Another major outlet for the writing and lore are the game's six companions, covering all the major factions and non-faction groups in the game. They do a decent enough job; none of them are ambitious to bear comparison to a Kreia or Dak'kon, but have distinctive personalities that aren't insufferably annoying (see: NWN2's Neeshka) or straight out of overwrought emo soaps (see: KOTOR's Carth). They also seem to have at least some reactivity built into them; when I was trying out the rebel path, sabotaging the armies of the Overlord, a companion loyal to one of the armies finally confronted me. I was able to either manipulate the companion into staying for now, or to send them away and prepare for the upcoming conflict without. I can't say, however, just how extensive or consequential these reactions are; companion loyalty is extremely easy to 'farm' if you are so inclined (as with most RPGs featuring such loyalty scores), and in my full independent playthrough the companions hardly batted an eyelid in protest even though I often neglected their loyalty.
I will briefly note the lack of exploration, and indeed, of non-combat gameplay in general in Tyranny. Maps are considerably smaller than in Pillars of Eternity, and accordingly more linear, with token hidden loot placed here and there. Skill checks in the environment make a return from PoE, but they are so easy to pass, they might as well not be there. POE was already a combat-centric game, and without its mini text-adventures, wealth of sidequests and larger maps, Tyranny really has only two selling points - its story and its combat. The former holds up for the first act; the latter is never up to begin with.
I won't say too much about the audiovisuals and aesthetic style, primarily because I think a lot of inspiration came from the American comic books tradition, of which I remain largely ignorant. In general, the game ranges between 'mediocre' and 'decent' in this regard. The game does a good job of differentiating itself from Pillars of Eternity, and presenting a reasonably cohesive direction by video game standards. However, memorable moments are few - the bleeding statue and the view through the clouds from the Spiretop to name a couple - and the music and sounds are almost entirely forgettable. Still, this is not where the game is made or broken; Tyranny's landscape would have been plenty good enough to romp through, had the actual gameplay and writing been up to par.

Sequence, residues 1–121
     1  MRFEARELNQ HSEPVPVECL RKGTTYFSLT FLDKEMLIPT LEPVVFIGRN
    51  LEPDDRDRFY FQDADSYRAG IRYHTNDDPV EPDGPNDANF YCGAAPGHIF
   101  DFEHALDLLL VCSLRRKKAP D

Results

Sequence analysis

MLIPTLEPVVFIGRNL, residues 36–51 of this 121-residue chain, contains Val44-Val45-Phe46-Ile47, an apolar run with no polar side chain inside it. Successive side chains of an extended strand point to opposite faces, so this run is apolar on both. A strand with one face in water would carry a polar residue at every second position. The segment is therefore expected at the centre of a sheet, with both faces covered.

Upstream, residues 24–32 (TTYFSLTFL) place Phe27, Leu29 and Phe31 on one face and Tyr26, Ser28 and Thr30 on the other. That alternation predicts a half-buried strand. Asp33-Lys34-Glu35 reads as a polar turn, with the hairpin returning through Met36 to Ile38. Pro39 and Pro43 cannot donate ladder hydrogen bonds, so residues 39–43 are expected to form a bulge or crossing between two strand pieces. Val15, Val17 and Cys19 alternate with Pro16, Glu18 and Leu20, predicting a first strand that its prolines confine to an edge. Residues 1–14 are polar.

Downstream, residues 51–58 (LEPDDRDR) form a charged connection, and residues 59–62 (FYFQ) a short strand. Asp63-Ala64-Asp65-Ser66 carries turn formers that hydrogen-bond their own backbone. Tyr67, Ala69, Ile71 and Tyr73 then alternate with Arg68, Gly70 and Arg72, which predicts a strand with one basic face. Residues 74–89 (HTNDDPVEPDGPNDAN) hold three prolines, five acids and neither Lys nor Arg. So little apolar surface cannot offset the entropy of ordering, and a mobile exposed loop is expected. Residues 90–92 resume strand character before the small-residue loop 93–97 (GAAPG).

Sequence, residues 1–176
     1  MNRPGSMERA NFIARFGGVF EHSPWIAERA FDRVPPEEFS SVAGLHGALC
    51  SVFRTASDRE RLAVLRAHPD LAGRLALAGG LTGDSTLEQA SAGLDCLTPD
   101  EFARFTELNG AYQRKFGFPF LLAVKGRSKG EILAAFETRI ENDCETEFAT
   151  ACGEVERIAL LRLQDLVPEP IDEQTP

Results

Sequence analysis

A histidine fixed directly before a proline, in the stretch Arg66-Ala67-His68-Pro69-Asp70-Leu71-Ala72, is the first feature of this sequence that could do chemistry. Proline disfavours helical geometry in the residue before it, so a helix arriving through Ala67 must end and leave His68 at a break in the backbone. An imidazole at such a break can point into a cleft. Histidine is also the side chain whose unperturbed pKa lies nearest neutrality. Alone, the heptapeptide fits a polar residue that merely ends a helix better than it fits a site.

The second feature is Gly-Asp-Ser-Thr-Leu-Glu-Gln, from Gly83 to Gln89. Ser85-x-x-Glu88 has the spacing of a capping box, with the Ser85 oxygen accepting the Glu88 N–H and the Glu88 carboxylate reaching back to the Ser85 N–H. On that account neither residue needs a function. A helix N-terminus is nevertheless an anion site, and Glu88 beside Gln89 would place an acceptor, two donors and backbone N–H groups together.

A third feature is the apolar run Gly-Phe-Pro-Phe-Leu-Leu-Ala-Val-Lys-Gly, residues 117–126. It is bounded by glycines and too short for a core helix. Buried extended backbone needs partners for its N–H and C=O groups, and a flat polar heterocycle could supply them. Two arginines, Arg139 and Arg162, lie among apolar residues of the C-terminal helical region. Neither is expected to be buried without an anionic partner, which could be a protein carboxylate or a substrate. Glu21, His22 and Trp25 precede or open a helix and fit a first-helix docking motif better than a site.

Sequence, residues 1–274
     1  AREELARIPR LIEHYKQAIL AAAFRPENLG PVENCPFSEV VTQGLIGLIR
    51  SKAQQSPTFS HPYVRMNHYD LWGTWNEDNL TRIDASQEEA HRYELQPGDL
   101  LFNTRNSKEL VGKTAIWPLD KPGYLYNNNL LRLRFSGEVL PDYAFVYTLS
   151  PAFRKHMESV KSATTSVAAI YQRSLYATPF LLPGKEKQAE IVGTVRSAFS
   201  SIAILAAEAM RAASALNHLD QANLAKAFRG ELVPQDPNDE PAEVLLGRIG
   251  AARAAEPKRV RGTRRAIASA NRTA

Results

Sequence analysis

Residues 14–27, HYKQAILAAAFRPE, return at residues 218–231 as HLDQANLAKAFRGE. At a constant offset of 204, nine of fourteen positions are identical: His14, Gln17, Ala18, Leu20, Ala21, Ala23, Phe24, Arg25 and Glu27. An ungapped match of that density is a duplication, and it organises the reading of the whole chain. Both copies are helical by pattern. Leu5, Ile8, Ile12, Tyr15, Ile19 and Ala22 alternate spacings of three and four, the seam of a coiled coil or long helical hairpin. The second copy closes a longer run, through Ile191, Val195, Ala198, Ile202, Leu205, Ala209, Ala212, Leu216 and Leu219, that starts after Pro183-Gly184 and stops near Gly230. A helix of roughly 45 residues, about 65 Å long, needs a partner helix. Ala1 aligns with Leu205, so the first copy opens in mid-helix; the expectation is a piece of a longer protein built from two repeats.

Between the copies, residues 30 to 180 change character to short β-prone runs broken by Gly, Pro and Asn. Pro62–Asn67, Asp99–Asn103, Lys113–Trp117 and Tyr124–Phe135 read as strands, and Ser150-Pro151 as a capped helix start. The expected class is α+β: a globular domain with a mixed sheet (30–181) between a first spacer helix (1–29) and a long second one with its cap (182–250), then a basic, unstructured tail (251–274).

So how does Tyranny answer the questions asked of Obsidian? In some cases, it's the same old: Obsidian's never been strong at crafting enjoyable combat or pacing the gameplay, and Tyranny is no different. The more ambiguous question is what is happening to its traditional strengths - intelligent writing, complex quests and some degree of choice & consequences. On the balance of Tyranny and Pillars of Eternity, it seems clear that Obsidian is moving away from heavy-hitting, intense scenes and characters that defined the Chris Avellone era. There are fewer larger than life characters, and certainly none that could pop out a popular philosophy podcast in their spare time. What we *are* getting instead still seems unclear, and perhaps not quite yet mature. Tyranny starts out with a refreshing setup, and there are plenty of moments where it lives up to its premise, producing distinctive if never jaw-dropping scenes. But the game seems to lose its way in the middle, leaving the player with the sense of unfulfilled potential. There doesn't seem to be enough depth in the lore and worldbuilding, or consistency in the themes and delivery, to keep it all together. Tyranny, in itself, shows Obsidian struggle to recapture its reputation for sophisticated writing. Its next releases - Pillars of Eternity 2, and maybe an AAA-game in the works - have a lot riding on them.
Tyranny will never rank amongst Obsidian's best games, and is worth a significantly discounted purchase at best. When it does get it right, it shows you how marvellous it could have been - and then you walk away from yet another cooldown trash mob fight, shaking your head.